Intern Stories: Dominique Smith

All through the school year students are put under the stress of exams and research papers and study groups and life that summer becomes the beckoning light that indicates their ability to be able to soon breathe again. And once this season of freedom is close enough you can feel the beach sand between your toes, they are reminded, “I should probably look into an internship”.

But finding a summer internship can be a daunting process for a college student, especially for one who is slightly undecided on her career goals. That “her” is me, a rising Senior at Spelman College majoring in English and a (recently declared) minor in Environmental Health. When I began my matriculation I had plans to become an English professor. I simply contributed my environmental prowess to my Californian upbringing and the go-green trend that entailed recycling and wearing ‘Save the Earth’ t-shirts. It wasn’t until I took an environmental toxicology class, where I read in my textbook that Clear Lake (my family’s yearly camping haven) was contaminated with copious amounts of mercury that my passion for environmental health was ignited.

My focus turned towards the chemicals that were causing issues in both the environment and the bodies of humans, which is why I was attracted to the work being done at the Center for Environmental Health. To be honest, I was a little uncertain because I have interned at non-profit organizations before and I stereotyped them all as cry-babying panhandlers for causes no one cares about – but CEH is different. Their mission isn’t based on raising money; it’s about clearing the toxics out of our products, and doing the job that manufacturers should be doing–testing their merchandise for harmful chemicals –to ensure they use safer business practices in the future.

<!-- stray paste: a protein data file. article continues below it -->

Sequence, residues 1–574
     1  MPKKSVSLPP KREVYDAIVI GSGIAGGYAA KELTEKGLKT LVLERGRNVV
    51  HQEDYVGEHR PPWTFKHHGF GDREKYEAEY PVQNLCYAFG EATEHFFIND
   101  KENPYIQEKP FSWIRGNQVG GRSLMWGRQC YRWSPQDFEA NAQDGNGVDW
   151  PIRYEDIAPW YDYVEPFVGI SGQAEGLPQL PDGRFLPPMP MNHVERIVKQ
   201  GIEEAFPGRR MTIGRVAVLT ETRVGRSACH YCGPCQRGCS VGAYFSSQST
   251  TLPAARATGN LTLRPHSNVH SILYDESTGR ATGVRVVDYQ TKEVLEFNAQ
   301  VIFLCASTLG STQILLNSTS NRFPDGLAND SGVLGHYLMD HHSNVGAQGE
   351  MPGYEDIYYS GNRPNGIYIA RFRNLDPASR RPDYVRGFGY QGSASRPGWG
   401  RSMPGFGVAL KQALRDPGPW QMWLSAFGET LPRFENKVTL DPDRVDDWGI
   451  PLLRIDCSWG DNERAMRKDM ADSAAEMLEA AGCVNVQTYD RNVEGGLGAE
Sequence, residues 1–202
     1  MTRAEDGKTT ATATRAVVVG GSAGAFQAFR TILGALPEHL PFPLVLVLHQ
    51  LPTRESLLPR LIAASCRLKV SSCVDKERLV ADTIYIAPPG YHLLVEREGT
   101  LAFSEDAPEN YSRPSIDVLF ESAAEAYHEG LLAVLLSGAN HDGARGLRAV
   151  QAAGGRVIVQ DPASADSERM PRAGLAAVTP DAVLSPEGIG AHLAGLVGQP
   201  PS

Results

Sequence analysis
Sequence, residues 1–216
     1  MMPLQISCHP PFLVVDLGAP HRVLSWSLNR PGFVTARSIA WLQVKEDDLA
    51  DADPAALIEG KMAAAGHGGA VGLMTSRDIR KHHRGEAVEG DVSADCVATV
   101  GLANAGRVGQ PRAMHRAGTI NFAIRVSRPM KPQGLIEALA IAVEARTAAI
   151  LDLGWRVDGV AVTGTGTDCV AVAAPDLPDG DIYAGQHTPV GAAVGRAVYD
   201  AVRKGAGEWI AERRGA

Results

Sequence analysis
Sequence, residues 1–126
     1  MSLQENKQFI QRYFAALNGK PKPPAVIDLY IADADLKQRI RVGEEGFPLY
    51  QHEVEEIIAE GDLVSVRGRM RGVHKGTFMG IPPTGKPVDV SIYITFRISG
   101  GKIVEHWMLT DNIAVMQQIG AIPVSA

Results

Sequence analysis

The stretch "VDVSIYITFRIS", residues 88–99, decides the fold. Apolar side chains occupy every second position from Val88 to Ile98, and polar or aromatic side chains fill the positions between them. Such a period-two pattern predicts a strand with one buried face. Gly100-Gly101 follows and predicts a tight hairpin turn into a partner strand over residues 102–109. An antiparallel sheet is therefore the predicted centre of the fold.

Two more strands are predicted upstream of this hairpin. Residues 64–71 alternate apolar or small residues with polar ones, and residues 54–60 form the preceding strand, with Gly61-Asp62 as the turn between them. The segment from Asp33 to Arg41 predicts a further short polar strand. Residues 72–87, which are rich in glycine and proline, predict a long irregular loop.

Protecting families from substances that they are unwillingly exposed everyday is an admirable act and the staff reflect this sentiment through their interactions with others. I think people hardly leave this organization because every member of the team is valued, everyone is treated equally and decisions are made as a staff unit, not just through management. My first day in the office (my interview) I was immediately shocked at how laid back and conversational my interviewers were because I’ve become accustomed to the intimidating variety – they were even wearing jeans!

This does not take away from their intelligence though; I have come to realize that CEH staff and the other interns know everything about everything green. I share an office with two unbelievable women and overhear their phone meetings with dozens of people a day rattling off acronyms that sound like Pig Latin to me! And I’m not the only one who values the information provided here: one day I came in the office only to meet video cameras from a news station, here to ask questions about CEH’s lead in purses project. It makes me feel pretty important to go home and tell all my friends that my job is on the news!

I also felt important to CEH as an individual because I had actual tasks to complete that were relevant to me, not merely making copies and sending faxes. I told the women I intern for I loved to write, and they gave me interesting articles to write about. I said I was interested in pesticides and there was a workshop on it. I’ve never been in an organization that was so invested in the education of their interns the way the Center for Environmental Health is.  And it’s not all spoon fed: I have spent many hours doing my own research, learning about the reality of the issues CEH works on. My next job/internship will have big toxic-free feet to fill.  Because who else can beat this sort of real beneficial experience, all while combining the fun of watching staff cat walks during staff meetings? (You have to come to one to see what I’m talking about).

Unless…I just come back.